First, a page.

2005 dodge diesel battery ?

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Nov 26, 2009
The early Dodge diesel in 91 had a single battery setup, mine is a 2005 and has dual batteries the original ones are still in the truck. ( 6 years old ). They are beggining to die, slower cranking speed. Has anyone ever just went to a single battery setup on a diesel, it would seem if you bought 1 battery with a high cranking amp you would not need 2 batteries. It only get into the 30's here and on rare occasion will get in the 20's, the biggest draw on the battery is the grid heatersbut I usually crank and drive slow till warm so the grids dont set there and cycle off and on.
The bad one would probably pull the good one down and at 6 years old they are ready to retire anyway. Be prepared to pay $100 plus for any battery these days they have doubled in price the last 6 years.
Among other reasons given, diesels have high compression ratios requiring more starting power. Go cheap and you'll kick yourself some dark lonely cold night. Is your alternator OK? Best to have your whole system load tested.
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if it has the capability to run dual, I'd run dual. You might buy one starter battery and one combo starter/deep cycle (marine). the combo batt will have a greater reserve for pulling up that cold heater without tapping the starter as deeply, while the starter batt would have the cca to spin the engine. (note, would have to be identical chemistries... like both unsealed... not one sealed and one not) might not be much cost savings, tho. so-- just going with two decent batts that match stock would likely be best. echo above, higher CCA compromises other things-- plate thickness (porosity) and reserve capacity.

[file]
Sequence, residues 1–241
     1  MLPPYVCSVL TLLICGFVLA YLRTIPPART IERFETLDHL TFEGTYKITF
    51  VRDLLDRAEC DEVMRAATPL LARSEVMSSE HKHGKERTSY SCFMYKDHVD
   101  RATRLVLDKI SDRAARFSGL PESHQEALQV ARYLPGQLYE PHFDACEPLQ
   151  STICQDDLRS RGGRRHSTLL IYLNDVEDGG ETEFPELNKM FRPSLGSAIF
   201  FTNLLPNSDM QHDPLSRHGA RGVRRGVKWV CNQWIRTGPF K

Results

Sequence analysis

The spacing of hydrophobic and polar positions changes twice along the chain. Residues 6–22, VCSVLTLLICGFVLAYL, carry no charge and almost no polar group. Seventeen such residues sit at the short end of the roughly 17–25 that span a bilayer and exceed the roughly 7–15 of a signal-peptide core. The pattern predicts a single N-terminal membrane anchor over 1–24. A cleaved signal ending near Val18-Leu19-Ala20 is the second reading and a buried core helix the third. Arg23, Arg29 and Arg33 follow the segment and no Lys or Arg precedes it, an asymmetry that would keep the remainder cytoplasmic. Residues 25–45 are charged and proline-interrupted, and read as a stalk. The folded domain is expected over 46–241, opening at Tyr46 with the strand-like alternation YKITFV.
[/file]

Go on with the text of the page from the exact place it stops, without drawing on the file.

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Diesels don't require as much power as they used to in order to start. Newer starters with high-speed semi-permanent magnet motors and internal gear reduction deliver the torque and cranking speed without drawing as many amps as the old days. Plus the start assist systems are more efficient and don't drain the batteries quite so hard before you even engage the starter. In a warm climate and on a Cummins that uses the grid air heater sparingly I imagine you could probably get away with a single battery just like the early Cummins Rams, especially if you get a quality battery with plenty of reserve capacity and CCA rating. I'd stick with dual batteries in South Dakota, but your sig says Alabama ;-) Also as tommygunn said, you may only have 1 bad battery now and its pulling the other one down. Just getting rid of the failing one might show you how well it can work on a single battery- even an old one. Separately load test the batteries to see which one is bad, or if you can remove the cell covers you can test them with a hydrometer and find the cell(s) with low specific gravity.
Guys I wanted to go to a single battery, and do away with the duals since the weather is not as cold here as other parts of the country. I was thinking of a 850 to 950 cca battery should be enough to crank the truck. I am sure one battery wouldn't last as long but it is easier to buy 1 battery every 3 or 4 years rather than 2 at a time cause like someone here said wow those batteries have gone sky high.
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